On 18 March 2021, the Italian Supreme Administrative Court (“Consiglio di Stato” or “CdS”) wrote a new episode in the long-lasting Hoffman La Roche - Novartis saga related to the Avastin drug, which may have serious repercussions on the relationship between EU and national judges.

To recall, in 2014, the Italian Competition Authority (“AGCM”) found Hoffman La Roche and Novartis to be in violation of Article 101 TFEU and fined them 182.5 million euros. The two pharma companies were indeed considered to have put in place an anti-competitive agreement aimed at favouring the medicinal product Lucentis over its cheaper competing product Avastin, by way of manipulating the perception of the risks associated to Avastin.

Both Hoffman La Roche and Novartis appealed the AGCM decision, firstly, in front of the Lazio Regional Administrative Court (“TAR”), which dismissed their appeals, and, subsequently, in front of the CdS, which, by way of a preliminary ruling ex Article 267 TFEU, asked the EU Court of Justice (“ECJ”) to provide guidance on how to interpret Article 101 TFEU, particularly with reference to the definition of the relevant market in the case at stake. In January 2018, the ECJ ruled that the collusive agreement between Hoffman-La Roche and Novartis could constitute a restriction of competition “by object”, as it created a “misleading perception of the risks associated to the use of the off-label product”. The EU judges indeed regarded the two products as belonging to the same relevant market, thus being competing medicinal products, in so far as the national courts and authorities have not examined whether the repackaging conditions of the off-label drug, Avastin, were unlawful.

Following the interpretation given by the ECJ, the CdS upheld the AGCM decision, by way of a final ruling which should have put an end to the dispute.

However, the two pharma companies challenged the CdS ruling, arguing that the AGCM decision is in violation of the interpretation rendered by the EU judges, as it did not carry out the assessment related to authorities’ opinions in relation to the re-packaging of an off-label drug (such as Avastin) and to the misleading nature of the information given about the Avastin drug.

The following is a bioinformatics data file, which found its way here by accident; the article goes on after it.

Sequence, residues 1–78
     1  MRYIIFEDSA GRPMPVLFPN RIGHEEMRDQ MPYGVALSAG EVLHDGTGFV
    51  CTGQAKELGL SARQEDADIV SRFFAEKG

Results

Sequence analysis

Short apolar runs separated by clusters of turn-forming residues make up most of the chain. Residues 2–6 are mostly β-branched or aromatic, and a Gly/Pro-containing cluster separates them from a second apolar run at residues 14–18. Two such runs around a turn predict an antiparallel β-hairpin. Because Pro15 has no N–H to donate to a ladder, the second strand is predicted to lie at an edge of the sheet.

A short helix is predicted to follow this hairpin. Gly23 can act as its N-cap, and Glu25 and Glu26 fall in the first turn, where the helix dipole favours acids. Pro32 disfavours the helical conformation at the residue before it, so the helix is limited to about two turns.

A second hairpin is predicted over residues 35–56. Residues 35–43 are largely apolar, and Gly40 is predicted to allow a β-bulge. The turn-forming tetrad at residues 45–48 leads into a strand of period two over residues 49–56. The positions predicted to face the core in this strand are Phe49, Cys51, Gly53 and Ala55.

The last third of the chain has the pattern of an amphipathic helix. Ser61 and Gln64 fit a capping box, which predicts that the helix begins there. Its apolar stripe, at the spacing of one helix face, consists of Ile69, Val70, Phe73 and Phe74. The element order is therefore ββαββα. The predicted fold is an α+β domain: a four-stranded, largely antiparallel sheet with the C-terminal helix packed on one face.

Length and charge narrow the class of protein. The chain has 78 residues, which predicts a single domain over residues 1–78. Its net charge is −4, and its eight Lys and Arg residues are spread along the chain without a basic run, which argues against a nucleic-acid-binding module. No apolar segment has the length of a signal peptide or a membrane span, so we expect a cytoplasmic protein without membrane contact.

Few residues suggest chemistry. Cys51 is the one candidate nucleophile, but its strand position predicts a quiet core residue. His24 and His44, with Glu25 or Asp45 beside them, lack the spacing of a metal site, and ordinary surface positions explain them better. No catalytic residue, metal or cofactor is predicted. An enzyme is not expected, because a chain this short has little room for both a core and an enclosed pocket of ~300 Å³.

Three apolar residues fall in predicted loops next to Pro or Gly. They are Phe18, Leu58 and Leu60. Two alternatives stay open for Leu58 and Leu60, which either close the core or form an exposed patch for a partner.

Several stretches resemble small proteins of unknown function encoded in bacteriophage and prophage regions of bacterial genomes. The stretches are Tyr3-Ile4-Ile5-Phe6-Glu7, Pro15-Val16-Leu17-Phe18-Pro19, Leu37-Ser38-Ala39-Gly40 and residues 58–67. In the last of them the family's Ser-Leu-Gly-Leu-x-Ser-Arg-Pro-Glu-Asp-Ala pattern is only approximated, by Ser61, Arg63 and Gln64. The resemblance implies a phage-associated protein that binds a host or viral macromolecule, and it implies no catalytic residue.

Based on the ECJ wording, it was up to the national courts to determine whether such information was misleading, if, in a context of scientific uncertainty, it was such to create confusion for the European Medicines Agency (“EMA”) and for the European Commission and if it emphasised the public perception of the risks of using Avastin. According to the two pharma companies, this analysis was not carried out by the AGCM and, therefore, its decision should be considered as going against EU law and thus, revoked.

With respect to the revocation measure under Italian administrative law, the two claimants also argue the existence of a jurisdictional gap in the national procedural administrative framework, as a final ruling of the CdS, based on the current national provisions, cannot be challenged on the ground of being in violation with a contrasting decision issued by the ECJ.

Based on these arguments, the CdS found it necessary to refer, for a second time, the question to the ECJ. In particular, the national judges asked the following questions to their EU counterparts:

  • If the assessment of the correct application of a preliminary ruling issued by the ECJ, by means of a ruling against which an appeal cannot be brought within the national procedural framework, should be carried out by national judges or by the EU judges themselves;
  • If the AGCM decision goes against the interpretative guidance given by the ECJ with relation to:
    • the inclusion in the relevant market of an off-label drug without taking into account the opinions of authorities and courts in relation to the re-packaging conditions of the off-label drug itself; and
    • the assessment of the misleading nature of the information provided about the off-label drug;
  • If the Italian administrative procedural framework is in conflict with EU law as far as it does not allow the use of the procedural remedy of the revocation to appeal CdS decisions that are deemed to be in violation with ECJ decisions.

The preliminary questions at stake may therefore have relevant implications with regards not only to the relationship between national courts and EU judges, but also to the right of companies to challenge, in front of the ECJ, national decisions that have been issued following a pronouncement by the EU Court itself.